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MDCs slam arrest of journalists


The two MDC formations on Thursday joined media organisations in condemning the arrest of two Alpha Media Holdings journalists on Tuesday, saying it was unnecessary.

Nevanji Madanhire, the editor of The Standard, and reporter Nqaba Matshazi were charged with stealing documents from a medical aid society owned by Reserve Bank of Zimbabwe adviser Munyaradzi Kereke.

The two journalists were also charged with criminal defamation for publishing a story claiming that Kereke’s GreenCard Medical Aid Society faced collapse based on the “stolen documents”.

Harare magistrate Sandra Mupindu granted the pair $100 bail each after a 24-hour detention and ordered them to surrender their passports. Their trial has been set for December 20.

MDC president Welshman Ncube described the arrest as unwarranted as the complainant had alternative remedies at his disposal.

“I believe that journalists must be allowed to report freely even on issues that we don’t like,” Ncube said.

“Remedy is not suppression and arrest of journalists. Even where newspapers have got facts completely wrong, it should be handled by the media commission or the voluntary media councils.

“The obligation is to retract if the facts are wrong. Yes, damage would have been done, but where there has been a full unconditional retraction it is better.”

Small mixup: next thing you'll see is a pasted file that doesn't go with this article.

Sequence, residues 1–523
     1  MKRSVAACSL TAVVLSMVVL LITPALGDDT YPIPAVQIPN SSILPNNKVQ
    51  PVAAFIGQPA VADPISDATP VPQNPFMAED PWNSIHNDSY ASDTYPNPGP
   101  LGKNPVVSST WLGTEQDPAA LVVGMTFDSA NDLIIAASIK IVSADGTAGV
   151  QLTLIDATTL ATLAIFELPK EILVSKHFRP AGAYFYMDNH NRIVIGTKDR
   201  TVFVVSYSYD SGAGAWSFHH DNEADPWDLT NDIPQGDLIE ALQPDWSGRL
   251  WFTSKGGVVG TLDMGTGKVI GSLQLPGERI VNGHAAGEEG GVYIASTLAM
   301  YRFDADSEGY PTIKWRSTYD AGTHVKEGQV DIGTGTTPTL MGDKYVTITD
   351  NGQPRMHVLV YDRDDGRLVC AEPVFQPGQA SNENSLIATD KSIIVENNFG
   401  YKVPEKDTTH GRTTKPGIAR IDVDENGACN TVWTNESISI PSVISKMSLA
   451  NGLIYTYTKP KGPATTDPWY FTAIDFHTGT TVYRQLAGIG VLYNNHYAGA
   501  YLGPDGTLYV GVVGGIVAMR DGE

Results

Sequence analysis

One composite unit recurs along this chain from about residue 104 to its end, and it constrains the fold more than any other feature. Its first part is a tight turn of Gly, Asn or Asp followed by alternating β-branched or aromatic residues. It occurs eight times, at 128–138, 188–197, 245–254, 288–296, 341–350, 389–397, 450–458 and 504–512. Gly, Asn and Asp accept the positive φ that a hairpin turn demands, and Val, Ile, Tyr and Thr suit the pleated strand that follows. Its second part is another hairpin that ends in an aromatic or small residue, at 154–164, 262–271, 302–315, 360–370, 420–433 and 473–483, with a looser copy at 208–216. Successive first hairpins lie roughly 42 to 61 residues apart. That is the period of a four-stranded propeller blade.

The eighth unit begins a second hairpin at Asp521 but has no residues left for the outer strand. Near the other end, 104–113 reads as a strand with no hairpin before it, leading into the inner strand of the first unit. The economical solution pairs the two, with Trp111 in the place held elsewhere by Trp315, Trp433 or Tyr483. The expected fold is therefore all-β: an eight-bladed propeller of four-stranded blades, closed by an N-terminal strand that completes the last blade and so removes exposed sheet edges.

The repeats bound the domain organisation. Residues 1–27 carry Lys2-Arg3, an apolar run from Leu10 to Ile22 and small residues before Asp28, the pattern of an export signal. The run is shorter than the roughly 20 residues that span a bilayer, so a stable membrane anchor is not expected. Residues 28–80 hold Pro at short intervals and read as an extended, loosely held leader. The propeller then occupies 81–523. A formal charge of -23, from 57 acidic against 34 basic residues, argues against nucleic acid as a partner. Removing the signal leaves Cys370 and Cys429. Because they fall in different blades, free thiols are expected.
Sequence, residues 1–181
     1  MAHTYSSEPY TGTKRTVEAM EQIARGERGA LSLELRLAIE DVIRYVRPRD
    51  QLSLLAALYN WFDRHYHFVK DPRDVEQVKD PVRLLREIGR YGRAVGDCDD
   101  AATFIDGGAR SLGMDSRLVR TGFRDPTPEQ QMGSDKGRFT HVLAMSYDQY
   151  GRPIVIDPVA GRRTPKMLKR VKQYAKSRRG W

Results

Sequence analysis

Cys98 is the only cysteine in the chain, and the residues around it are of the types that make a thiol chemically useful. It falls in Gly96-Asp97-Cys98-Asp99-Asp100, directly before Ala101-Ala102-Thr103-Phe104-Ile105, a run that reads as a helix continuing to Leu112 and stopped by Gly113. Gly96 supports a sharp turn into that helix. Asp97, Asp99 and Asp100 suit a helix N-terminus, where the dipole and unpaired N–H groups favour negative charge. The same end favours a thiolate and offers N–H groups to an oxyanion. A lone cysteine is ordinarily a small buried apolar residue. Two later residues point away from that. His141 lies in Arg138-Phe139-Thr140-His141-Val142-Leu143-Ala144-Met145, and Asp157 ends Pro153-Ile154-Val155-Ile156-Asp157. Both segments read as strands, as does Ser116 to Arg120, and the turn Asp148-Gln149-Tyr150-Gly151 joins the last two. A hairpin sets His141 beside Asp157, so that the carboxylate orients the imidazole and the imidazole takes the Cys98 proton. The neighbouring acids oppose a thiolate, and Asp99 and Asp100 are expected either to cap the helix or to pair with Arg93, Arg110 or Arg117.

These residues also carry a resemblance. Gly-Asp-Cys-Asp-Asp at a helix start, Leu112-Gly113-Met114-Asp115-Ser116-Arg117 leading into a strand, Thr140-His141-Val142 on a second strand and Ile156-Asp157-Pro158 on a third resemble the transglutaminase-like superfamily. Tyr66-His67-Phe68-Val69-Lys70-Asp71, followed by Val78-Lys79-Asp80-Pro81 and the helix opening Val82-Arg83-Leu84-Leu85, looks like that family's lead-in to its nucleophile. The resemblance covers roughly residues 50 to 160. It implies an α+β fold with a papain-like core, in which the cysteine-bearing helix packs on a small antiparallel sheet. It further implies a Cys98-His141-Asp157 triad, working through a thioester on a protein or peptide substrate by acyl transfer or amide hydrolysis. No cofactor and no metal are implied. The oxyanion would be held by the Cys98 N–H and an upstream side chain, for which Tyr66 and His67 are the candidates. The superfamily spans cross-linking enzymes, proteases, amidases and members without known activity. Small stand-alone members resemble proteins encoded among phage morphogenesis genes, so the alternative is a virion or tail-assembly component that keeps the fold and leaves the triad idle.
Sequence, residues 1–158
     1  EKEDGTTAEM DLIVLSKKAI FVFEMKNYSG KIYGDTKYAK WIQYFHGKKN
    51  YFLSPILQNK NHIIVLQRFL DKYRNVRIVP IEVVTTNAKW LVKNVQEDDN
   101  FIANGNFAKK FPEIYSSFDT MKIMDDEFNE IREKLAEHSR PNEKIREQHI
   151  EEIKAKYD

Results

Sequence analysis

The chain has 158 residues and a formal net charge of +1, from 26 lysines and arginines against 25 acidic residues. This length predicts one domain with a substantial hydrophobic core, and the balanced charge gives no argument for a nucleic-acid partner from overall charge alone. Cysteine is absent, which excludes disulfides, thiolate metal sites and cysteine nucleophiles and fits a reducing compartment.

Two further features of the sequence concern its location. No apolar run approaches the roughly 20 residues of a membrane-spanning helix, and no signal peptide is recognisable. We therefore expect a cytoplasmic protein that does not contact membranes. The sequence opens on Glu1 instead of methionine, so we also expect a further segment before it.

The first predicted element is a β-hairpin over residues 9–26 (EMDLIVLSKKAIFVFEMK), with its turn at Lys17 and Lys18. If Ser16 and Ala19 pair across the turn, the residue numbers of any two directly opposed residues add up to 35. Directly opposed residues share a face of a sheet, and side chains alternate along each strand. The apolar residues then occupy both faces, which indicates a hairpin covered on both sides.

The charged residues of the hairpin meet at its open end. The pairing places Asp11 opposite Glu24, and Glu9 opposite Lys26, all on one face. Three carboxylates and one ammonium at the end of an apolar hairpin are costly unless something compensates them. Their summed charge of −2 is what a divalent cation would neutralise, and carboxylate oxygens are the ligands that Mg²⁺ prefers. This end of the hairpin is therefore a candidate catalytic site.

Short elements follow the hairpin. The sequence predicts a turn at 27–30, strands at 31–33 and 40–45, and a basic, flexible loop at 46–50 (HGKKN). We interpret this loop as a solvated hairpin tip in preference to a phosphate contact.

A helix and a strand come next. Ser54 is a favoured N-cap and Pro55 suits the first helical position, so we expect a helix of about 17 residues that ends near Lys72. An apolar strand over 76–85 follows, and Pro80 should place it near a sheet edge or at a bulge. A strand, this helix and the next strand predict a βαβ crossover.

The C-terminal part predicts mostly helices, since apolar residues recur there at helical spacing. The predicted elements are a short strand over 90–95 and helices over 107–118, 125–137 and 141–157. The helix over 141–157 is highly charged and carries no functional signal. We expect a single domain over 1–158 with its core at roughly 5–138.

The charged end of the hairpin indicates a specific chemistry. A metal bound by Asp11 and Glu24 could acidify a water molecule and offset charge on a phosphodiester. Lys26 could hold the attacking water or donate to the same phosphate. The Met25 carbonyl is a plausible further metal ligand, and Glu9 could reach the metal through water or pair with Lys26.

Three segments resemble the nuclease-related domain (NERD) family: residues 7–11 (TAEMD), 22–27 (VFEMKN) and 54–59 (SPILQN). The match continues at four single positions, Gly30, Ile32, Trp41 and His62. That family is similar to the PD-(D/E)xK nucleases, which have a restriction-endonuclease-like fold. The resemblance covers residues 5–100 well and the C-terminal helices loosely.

Ncube, who is also a professor of law, said there was no need to resort to criminal law in dealing with journalists.

“We will continue to say ‘please avoid using criminal law as there are enough civil remedies to deal with mistakes or even malicious ones’, ” he said.

Prime Minister Morgan Tsvangirai’s MDC-T formation described the arrest as ‘‘irrational”.

In a statement, the MDC-T said it “notes with concern that the continued arrests in the country are only targeted at private media reporters while those writing for the State media have an open approval to do as they wish by going on a campaign of writing entire falsehoods against elected officials who are not from Zanu PF”.

Local and international media organisations also criticised Madanhire and Matshazi’s arrest.

The Voluntary Media Council of Zimbabwe (VMCZ) said it was meant to intimidate the private media.

“VMCZ views the arrest of the two as part of a growing campaign to intimidate the media and muzzle the Press, in a bid to stop journalists from unearthing corrupt practices,” the body said in a statement.

“VMCZ also calls on the inclusive government to condemn the police actions. The government must demonstrate its commitment to the principles of accountability by enforcing freedom of expression.”

Mohamed Keita, Africa advocacy coordinator for the New York-based Committee to Protect Journalists, said the arrest showed that the unity government was failing to live up to its promises.

“Zimbabwe’s government has failed to deliver on 2008 pledges to reform draconian media and security laws criminalising investigative journalism,” Keita said.

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